Page originally written: December 21, 2019
Updated: August 23, 2022; September 19, 2022
This is a page for developers, anyone who creates applications,
utilities, or systems-level scripts, in a variety of languages,
from shell script to compiled languages. If you are interested in
getting involved in EasyOS development, read on...
I, Barry Kauler, am writing this page in the first-person, for
more personal interaction. Any questions, there is a "Contact me"
link at the top of this page -- though do note, although I read
all messages, I don't always reply, or a reply might be delayed --
this is just a question of efficiency of time, and do recognise
that I consider all suggestions, and often have to file them away
for future consideration.
There were lots of development documents created for Puppy Linux,
now archived here:
EasyOS inherits a lot of "puppyisms", so large chunks of those
documents are still relevant. However, the page you are reading
now brings things up-to-date for EasyOS. Incidentally, I often
refer to EasyOS as just "Easy".
Now for some headings to break this page up...
Getting setup for development
It is not necessarily required for shell scripting, but certainly
to compile C/C++/BaCon code, access git and svn repositories,
etc., you will need to have the "devx" SFS loaded.
Easy, like Puppy, provides everything needed for development in a
single SFS file. Easy runs as a layered filesystem, with read-only
'easy.sfs' on the bottom and a read-write folder
(/mnt/wkg/.session) on top. Other SFSs can be inserted between
these two, such as the "devx" SFS.
To obtain the "devx" SFS, click on the "sfs" icon on the desktop,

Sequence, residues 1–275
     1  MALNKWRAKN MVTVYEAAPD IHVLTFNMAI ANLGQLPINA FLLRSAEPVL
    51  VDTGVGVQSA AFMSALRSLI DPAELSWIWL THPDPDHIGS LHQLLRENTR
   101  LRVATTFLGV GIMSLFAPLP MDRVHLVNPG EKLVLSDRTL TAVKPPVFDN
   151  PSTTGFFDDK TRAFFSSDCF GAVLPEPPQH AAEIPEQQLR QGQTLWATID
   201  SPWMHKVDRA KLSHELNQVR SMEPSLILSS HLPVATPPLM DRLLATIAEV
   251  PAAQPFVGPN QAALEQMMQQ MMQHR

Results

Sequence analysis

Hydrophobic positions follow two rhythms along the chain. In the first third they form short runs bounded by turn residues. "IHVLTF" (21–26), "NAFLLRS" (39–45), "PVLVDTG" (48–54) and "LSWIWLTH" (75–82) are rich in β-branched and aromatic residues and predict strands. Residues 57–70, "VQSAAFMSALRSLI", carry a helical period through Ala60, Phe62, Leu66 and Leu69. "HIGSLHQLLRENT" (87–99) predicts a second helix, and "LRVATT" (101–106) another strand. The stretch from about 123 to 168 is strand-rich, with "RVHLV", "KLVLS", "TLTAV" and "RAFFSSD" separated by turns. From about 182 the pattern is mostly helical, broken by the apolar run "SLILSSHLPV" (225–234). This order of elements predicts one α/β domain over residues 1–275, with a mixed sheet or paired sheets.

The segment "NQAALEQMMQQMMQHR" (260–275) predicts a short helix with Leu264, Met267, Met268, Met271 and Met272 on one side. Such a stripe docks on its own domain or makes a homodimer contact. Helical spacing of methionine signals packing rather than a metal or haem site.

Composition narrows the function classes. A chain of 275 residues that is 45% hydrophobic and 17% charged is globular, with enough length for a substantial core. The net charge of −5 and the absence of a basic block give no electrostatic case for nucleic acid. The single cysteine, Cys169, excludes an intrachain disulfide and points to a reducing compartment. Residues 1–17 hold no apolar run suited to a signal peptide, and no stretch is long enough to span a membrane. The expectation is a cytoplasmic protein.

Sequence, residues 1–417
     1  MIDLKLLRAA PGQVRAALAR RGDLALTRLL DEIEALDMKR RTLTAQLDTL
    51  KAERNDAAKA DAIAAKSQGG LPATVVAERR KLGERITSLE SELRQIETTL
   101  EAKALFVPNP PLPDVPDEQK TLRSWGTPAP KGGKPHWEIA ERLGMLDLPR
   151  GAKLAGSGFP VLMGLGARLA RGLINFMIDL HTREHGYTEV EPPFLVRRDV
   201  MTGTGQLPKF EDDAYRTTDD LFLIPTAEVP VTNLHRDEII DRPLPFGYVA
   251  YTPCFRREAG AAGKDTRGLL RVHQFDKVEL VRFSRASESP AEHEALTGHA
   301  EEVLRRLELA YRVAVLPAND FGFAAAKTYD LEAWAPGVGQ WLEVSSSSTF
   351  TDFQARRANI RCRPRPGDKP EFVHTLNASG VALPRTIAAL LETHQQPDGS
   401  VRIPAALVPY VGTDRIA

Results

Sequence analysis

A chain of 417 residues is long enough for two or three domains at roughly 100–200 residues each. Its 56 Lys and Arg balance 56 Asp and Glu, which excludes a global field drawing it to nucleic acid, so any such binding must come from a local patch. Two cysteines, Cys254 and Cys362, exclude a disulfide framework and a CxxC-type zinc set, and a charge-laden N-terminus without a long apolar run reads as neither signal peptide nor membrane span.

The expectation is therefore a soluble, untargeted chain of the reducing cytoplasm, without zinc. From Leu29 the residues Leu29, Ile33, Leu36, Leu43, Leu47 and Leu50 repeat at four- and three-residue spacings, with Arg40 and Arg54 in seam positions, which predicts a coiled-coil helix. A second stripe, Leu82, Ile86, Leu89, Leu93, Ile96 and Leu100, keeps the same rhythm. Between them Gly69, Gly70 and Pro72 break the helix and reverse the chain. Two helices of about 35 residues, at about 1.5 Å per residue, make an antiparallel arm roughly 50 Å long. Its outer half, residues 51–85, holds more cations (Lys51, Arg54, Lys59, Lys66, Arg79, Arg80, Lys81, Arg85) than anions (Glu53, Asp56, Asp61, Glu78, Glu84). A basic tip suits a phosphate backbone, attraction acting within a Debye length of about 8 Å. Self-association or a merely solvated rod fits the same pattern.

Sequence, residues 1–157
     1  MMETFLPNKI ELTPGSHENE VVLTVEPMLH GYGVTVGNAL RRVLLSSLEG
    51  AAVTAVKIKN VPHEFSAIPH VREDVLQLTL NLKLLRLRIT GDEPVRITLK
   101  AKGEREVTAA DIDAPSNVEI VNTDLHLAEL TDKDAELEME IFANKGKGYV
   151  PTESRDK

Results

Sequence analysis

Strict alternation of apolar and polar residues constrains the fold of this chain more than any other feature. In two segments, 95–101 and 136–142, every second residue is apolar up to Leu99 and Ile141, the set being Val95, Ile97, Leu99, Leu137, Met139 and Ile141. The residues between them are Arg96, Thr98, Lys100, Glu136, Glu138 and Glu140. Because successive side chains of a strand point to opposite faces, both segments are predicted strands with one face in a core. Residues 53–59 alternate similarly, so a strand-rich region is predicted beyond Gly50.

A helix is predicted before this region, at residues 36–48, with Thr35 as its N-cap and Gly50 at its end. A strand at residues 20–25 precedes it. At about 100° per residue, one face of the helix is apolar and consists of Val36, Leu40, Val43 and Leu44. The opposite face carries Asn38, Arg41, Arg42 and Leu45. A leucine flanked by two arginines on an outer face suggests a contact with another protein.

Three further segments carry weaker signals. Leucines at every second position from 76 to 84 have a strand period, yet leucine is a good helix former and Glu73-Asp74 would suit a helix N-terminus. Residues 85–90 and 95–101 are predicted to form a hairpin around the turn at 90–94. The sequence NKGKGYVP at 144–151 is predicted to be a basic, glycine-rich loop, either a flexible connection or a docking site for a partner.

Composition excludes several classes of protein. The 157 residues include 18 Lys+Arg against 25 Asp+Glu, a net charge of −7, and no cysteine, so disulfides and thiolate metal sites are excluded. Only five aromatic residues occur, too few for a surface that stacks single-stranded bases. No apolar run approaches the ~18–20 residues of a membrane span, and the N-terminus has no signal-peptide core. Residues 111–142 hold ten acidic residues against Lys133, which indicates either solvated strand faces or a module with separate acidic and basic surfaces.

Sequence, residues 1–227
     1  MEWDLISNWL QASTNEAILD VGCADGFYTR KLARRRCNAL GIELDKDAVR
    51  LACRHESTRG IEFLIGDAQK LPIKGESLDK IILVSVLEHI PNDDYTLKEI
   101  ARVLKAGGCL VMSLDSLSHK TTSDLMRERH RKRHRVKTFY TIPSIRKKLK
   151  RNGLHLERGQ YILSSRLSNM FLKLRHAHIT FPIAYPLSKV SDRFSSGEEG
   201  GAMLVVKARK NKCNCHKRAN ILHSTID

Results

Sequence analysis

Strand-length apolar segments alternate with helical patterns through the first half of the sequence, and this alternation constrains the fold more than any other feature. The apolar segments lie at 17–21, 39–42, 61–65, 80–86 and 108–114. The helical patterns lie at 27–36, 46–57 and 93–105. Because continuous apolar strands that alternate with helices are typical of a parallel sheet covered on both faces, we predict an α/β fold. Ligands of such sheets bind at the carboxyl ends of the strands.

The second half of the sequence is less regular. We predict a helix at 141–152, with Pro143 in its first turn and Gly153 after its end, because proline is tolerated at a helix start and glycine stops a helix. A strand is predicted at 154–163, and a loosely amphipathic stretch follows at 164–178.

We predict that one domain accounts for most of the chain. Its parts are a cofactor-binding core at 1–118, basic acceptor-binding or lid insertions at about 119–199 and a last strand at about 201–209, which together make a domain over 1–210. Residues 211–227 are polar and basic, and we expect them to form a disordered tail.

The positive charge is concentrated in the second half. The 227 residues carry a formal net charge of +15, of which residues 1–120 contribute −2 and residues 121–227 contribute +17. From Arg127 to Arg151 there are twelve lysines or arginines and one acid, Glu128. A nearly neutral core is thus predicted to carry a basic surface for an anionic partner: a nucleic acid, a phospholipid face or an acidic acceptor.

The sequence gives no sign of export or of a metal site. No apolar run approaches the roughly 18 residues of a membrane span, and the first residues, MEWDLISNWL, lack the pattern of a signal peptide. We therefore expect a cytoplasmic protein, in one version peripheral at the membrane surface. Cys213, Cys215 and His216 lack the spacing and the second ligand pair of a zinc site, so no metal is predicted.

and there will be an offer to download and install it. You will be
asked whether to install it into a container or the main desktop
-- choose the latter, as compiling inside a container does require
a bit more thought and some caveats.
A reboot is then required, as the Aufs layered filesystem is
created in the initrd. After reboot, type "which gcc" in a
terminal, to confirm that yep, the devx is loaded.
Choice of language: script
Most coding in EasyOS is Bash/Ash shell scripts, from
system-level scripts up to sophisticated GUI applications. Ash is
the shell interpreter provided by Busybox, and is often preferred
as faster than Bash, and has many "bashisms" (and has many more
features than 'dash' used in Debian).
Bash/Ash is fairly easy to learn, and a good way to get into
coding for Linux, any Linux, not just EasyOS. In fact, it is my
recommendation for anyone who asks the question "What language
should I learn for coding in Linux?".
You can create surprisingly sophisticated GUI apps in Bash/Ash.
Mostly we use gtkdialog to provide the GUI frontend.
Documentation for gtkdialog is found at
I also highly recommend this thread on the Old Puppy Forum, "GtkDialog - tips" created by zigbert:
Xdialog, xmessage, pupmessage, pupdialog, popup, yaf-splash